R. H. Lola Koundakjian

R. H. Lola Koundakjian

R. H. Lola Koundakjian has lived in New York City since 1979. Her work has appeared online in alpialdelapalabra (Argentina), Armenian Poetry Project (New York City), GROONG (University of Southern California), and UniVerse (Chicago); and in print in the Anthology Memoria del XX Festival Internacional de Poesía de Medellin (Colombia), Armenian Weekly (Boston) and Pakin (Beirut, Lebanon).

Lola has read her work on several stages in New York City and Los Angeles, collaborating with the LA Zephyrs, GARTAL, and the Greek-American reading series.

For the past 20 years, Lola has organized evenings dedicated to the Dead Armenian Poets’ Society, and since 2006 has produced and edited text and audio for the multi-lingual Armenian Poetry Project.

Lola’s work was translated into Spanish for the 20th International Poetry Festival in Medellin, Colombia where she read her work in July 2010.

Please visit her website: http://www.lolakoundakjian.com

 
After an Italian dinner

Vin Santo — sweet wine
made of white ripe grapes.

Dip those biscotti. Finish it off with that espresso doppio macchiato.

Transport yourself to Florence,
or some tiny Tuscan village like San Giminiano, where the medieval towers cast the only shadows this side of Sienna.

Think of all the people before you, who have admired the paintings at the Uffizi;
Of all the people who have prayed at Santa Croce;
Of all those who hoped one day to see portraits hidden since WWII in the underground tunnels.

Then thank the spirits who transported you there, as part of the continuum called Humanity.
Thank your art teachers,
your parents, your lover,
whomever.

Just be thankful.

1/17/07

 
Sunday Morning

They sit between their shifts with their café amb let,
their cigarettes and the cognac,
Chatting away the stress, fatigue and loneliness.

The sweepers are loud and vivacious
Hardly noticed by the other patrons
as they leave to continue
with the pledge of BC NETA!

Others are reading their País
with their croissant and beer,
still others smoke contemplating the
Sunday hush the city exhales.

The tourists walk by wondering is
this the only café open near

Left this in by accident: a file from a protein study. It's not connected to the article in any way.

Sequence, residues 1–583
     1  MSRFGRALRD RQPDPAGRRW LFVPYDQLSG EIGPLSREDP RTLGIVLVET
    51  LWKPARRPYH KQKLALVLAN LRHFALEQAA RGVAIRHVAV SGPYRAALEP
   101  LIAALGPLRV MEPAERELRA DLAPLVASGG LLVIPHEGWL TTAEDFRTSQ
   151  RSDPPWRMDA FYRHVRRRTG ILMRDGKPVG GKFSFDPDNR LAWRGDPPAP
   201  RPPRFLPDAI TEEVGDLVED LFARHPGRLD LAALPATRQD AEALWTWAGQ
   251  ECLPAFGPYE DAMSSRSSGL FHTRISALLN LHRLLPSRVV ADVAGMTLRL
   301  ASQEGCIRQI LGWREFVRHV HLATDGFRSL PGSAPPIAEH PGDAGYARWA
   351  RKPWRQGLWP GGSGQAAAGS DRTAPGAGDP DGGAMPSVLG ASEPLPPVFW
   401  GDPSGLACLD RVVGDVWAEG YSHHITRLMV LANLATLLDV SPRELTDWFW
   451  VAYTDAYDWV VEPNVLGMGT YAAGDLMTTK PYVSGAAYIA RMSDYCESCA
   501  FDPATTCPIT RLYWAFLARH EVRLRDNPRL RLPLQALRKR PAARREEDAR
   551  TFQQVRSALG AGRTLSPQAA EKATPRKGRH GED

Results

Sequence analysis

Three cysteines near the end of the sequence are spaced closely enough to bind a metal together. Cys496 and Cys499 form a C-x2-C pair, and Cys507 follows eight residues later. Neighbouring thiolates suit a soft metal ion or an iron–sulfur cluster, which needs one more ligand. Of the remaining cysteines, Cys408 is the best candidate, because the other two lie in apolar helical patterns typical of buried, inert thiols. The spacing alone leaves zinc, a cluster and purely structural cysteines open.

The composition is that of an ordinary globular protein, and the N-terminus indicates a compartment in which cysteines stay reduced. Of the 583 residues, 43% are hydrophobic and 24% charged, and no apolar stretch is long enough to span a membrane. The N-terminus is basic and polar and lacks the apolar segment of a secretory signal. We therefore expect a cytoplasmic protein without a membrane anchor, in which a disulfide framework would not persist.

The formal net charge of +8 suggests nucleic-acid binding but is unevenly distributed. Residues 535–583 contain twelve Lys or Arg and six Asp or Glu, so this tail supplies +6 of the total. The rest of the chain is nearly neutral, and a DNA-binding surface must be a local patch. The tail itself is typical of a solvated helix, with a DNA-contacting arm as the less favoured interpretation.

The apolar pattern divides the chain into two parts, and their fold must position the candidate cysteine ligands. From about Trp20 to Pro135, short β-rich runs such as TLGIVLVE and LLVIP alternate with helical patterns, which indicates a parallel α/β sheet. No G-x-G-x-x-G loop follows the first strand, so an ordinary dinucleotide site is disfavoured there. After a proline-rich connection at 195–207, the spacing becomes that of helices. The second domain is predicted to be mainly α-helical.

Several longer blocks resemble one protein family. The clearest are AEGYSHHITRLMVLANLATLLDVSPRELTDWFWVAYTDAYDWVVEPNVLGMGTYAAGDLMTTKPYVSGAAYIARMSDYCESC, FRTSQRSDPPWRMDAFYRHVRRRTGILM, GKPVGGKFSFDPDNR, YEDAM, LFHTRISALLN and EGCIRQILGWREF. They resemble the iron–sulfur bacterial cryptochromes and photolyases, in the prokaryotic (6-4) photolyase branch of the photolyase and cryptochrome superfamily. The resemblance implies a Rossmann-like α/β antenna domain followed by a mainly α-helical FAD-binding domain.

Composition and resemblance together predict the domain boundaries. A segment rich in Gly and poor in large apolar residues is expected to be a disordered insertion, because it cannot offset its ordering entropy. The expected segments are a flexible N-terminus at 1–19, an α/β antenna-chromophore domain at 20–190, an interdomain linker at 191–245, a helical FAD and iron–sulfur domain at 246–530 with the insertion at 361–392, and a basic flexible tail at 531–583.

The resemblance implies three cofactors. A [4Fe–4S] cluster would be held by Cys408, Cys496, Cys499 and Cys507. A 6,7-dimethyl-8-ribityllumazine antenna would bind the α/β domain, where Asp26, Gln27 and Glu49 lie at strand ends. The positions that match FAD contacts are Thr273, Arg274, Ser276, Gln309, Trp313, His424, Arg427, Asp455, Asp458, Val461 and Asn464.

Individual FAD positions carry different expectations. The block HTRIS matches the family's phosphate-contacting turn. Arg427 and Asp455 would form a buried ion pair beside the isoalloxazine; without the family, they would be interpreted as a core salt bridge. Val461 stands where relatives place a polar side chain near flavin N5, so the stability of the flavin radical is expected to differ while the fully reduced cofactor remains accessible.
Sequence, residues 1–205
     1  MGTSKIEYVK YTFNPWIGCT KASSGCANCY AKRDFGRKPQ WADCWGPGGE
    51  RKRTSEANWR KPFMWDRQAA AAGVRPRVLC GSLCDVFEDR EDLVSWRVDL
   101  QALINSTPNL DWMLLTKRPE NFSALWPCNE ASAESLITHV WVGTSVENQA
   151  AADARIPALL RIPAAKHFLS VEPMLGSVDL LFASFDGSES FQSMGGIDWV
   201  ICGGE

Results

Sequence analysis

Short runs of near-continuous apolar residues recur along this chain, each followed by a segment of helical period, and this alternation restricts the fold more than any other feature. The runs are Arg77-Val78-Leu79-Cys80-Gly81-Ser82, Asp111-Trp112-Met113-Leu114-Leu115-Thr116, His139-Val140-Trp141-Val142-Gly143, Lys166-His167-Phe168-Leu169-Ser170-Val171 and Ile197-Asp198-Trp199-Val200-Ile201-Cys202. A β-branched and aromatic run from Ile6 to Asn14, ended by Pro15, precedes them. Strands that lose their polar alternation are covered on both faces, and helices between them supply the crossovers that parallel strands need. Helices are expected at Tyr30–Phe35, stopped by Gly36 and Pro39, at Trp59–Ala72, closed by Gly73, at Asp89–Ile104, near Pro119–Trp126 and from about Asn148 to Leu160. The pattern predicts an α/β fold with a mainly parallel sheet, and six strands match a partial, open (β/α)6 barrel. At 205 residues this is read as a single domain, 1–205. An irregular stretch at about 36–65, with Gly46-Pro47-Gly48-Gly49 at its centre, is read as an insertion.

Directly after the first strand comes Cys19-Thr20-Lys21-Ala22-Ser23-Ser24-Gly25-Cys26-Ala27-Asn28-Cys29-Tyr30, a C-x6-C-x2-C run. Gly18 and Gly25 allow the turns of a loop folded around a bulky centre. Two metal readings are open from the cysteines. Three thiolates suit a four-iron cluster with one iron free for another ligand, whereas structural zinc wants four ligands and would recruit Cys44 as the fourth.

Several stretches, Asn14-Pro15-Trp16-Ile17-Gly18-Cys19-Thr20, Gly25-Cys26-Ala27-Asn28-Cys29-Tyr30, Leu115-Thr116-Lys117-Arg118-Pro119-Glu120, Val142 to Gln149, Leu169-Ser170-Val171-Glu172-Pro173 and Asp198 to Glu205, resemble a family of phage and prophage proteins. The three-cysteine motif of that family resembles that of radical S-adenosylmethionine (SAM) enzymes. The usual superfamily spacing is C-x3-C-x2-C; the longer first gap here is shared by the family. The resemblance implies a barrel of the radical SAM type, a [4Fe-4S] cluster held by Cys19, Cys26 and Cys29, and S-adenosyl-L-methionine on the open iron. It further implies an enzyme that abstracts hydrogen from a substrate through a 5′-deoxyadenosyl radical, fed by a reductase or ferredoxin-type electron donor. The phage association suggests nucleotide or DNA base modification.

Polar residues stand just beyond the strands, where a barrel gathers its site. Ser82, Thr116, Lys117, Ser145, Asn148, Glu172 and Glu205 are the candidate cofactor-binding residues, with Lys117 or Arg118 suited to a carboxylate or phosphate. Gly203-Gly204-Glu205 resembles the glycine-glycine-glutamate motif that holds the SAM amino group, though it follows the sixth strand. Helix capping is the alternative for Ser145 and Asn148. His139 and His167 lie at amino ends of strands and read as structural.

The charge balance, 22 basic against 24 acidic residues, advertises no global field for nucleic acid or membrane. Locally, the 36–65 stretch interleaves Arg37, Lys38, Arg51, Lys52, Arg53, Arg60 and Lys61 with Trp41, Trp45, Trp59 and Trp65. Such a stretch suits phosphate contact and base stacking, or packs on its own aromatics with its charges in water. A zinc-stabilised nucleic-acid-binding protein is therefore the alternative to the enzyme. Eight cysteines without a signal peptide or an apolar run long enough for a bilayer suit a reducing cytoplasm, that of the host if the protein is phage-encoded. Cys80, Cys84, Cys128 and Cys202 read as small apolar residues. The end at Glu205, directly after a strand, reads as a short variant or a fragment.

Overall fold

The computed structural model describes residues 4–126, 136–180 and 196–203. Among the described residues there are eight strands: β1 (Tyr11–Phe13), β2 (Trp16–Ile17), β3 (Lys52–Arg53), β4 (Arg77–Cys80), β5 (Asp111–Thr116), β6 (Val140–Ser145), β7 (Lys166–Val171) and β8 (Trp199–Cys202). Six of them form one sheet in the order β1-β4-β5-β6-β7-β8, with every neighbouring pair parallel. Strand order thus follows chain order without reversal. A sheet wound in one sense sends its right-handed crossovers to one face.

Santa Maria Del Mar or is
Starbucks as good as the one back home?

I sit hoping to capture a little of this
to take home.

March 25, 2007

 
Lunch time

Regrettably neither Spain nor Portugal
Exclaimed the man to a lunch companion

My mind wandered to
Alfresco lunches in Porto,
Long dinner queues in Barcelona,
Art galleries and roman ruins
Good wine and Basque food,
Noisy hotel guests having sex every night
Impolite hustlers in the metro
And cable cars rambling thru the hills of Lisbon

Summer 2009

 

Նստած եմ երկրագուն մէկ անկիւնը
Բայց կարծես գտնուիմ հիւսիսային Ափրիկէ։

Շուրջս կարմիր գորգեր, արմավենիներ,
Խոհանոցէն համեղ բոյրեր …

Հոն կին մը իր champagne-ը կը կոնծէ
Դիմացի աթոռը դատարկ է.
Ի՞նչ կը տօնէ եւ որո՞ւն կենացը կը խմէ։
Իր ազատութեա՞ն այդ օրուան գեղեցիկ յիշատա՞կը գալիք գիշերուան այցելու ն,
Թէ սիրահարին մատն ե րուն հետքը իր վզին ուսերուն վրայ։

14 Յունուար 2007

 
I am sitting in this corner of the globe
but I could easily be in North Africa,
surrounded with red carpets and palm trees,
a delicious aroma permeating from the kitchen.

A lady sits nearby, gulping champagne,
an empty seat before her.
What is she celebrating, whose health is she drinking?
Her freedom, the end of a delightful day,
the visitor tonight, her lovers’ fingers’
imprint on her neck, her shoulders?

January 14, 2007

 
They’re eight*

A bond exits between a girl and this boy.
But they should be enemies.

They talk, watch television together.
They play games in a hospital ward.
Their parents have become close friends
But they should be enemies.

She likes his mother’s eggplant dish,
He likes her father’s rice and lamb.*

They should be enemies,
but no one has taught them why.

They live in a world
That keeps them apart,
Their lands under siege,
Their people in fear and slavery.

They are surrounded by
Neighbours who talk about differences instead of similarities,
Leaders who fund arms instead of building schools,
Politicians who feed pessimists instead of hope.

She is Marya, 8, funny, smart but paralized by an Israeli missile.
He is Orel, also 8, her best friend who endured six operations after half his brain was blown up by a Hamas rocket.

Their playground is a hospital corridor
Their parents have become close friends
The doctors are amazed at their progress
But nothing will heal a severed spinal cord or half a missing brain.

*A Mideast Bond, Stitched of Pain and Healing, The New York Times, 12-31-09 by Ethan Bronner

 
All poems on this post: © R. H. Lola Koundakjian
Published with the permission of R. H. Lola Koundakjian